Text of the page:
WASHINGTON - Democrats and union leaders are lambasting President Bush for a proposal they say would cost at least 8 million workers their overtime pay after the House backed his drive to overhaul decades-old rules determining who qualifies for the extra money.
The Republican-led chamber voted 213-210 on Thursday to defeat a Democratic effort to derail the proposed regulations, clearing the way for the administration to impose changes in overtime rules as early as the end of this year.
Though further attempts by Senate Democrats to block the rules are possible - and though the administration can still alter its proposal - new regulations will take effect unless a law is enacted preventing it, giving Bush, the GOP and their business supporters the upper hand.
The new rules, proposed in March, would require overtime for workers earning up to $22,100 a year, up from the current ceiling of $8,060 set in 1975. The Labor Department said that change would benefit as many as 1.3 million low-income workers who now do not receive overtime rates when they work more than 40 hours a week. Democrats didn't oppose that part of the administration's proposal.
Numerous other changes also would be made in the complex regulations, including definitions of which administrative, professional and executive jobs qualify for overtime.
The Labor Department estimated that those changes could eliminate overtime for at least 644,000 white-collar workers now getting it. Democrats and union leaders say the number who could lose overtime is closer to 8 million. None of the changes would nullify overtime arrangements negotiated in union contracts.
"The House of Representatives today sent a clear message that the nation's overtime rules need to be updated to protect millions of low-wage workers," Labor Secretary Elaine Chao, chief author of the regulations, said in a written statement after the vote.
The narrow vote was preceded by all-out lobbying by unions and business groups, and a threat by the White House to veto a popular spending bill to which Democrats tried attaching their provision. The underlying measure would provide $138 billion for next year's health, labor and education programs, and was approved by 215-208.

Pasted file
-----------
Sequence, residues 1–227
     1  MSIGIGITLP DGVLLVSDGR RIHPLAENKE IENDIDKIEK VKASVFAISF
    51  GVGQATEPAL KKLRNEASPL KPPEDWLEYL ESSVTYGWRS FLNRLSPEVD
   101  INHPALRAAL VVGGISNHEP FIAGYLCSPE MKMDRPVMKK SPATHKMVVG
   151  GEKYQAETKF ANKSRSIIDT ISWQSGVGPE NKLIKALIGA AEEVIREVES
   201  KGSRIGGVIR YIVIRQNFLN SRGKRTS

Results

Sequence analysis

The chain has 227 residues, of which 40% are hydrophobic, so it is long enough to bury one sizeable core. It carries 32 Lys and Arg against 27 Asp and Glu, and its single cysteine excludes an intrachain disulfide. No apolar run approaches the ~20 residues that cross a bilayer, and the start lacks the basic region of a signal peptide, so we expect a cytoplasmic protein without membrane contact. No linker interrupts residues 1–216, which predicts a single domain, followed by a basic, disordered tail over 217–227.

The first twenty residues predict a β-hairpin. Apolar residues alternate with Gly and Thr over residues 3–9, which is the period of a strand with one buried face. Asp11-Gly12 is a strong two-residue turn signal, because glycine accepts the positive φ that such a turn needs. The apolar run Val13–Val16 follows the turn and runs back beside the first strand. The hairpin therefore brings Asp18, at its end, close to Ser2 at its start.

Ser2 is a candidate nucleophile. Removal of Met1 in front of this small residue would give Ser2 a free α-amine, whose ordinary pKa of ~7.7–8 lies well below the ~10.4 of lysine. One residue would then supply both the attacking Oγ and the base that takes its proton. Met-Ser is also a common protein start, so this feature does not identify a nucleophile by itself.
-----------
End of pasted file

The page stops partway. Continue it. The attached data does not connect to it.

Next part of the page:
The new regulations could take effect as early as the end of this year. Yet with Democrats hoping to use the flat economy and rising unemployment figures as ammunition in next year's presidential and congressional elections, they and their allies continued to talk tough.
"We call on the administration to stop its assault on working families," AFL-CIO President John Sweeney said in a written statement. "Congress will have a chance to revisit this issue and we urge workers to tell members to protect their overtime rights."
Three Democrats joined 210 Republicans in opposing the provision. Voting for it were 195 Democrats, 14 Republicans and one independent.
Republicans said the new Labor Department rules would clarify confusing regulations and reduce the growing number of lawsuits by workers seeking overtime. Democrats said the changes were designed to help employers take overtime away.
Both sides sent lobbyists to the Capitol and barraged lawmakers with phone calls, e-mails and letters. Both sides promised to include the vote among those they tally at election time to rate whether legislators are sympathetic to their causes. Among the groups working the issue were the AFL-CIO, the National Federation of Independent Business, the National Restaurant Association and the International Union of Police Associations.
The overall bill the House considered would provide a 2.7 percent increase over this year's total in the largest of the 11 domestic spending measures Congress considers every year. It was approved 215-208, with some lawmakers voting in baseball uniforms for the annual game between House Democrats and Republicans.
The bill would provide modest increases over last year for low-income school districts, AIDS treatment, Head Start, job training and biomedical research at the National Institutes of Health. Democrats said the boosts were inadequate and fell below amounts promised in earlier high-profile bills.
By 222-199, the House rejected a Democratic effort to roll back a portion of recent tax reductions for millionaires and use the money to increase spending.
"Hiking taxes to pay for big government programs is as dead as disco," House Majority Leader Tom DeLay, R-Texas, said.
Copyright 2003 The Associated Press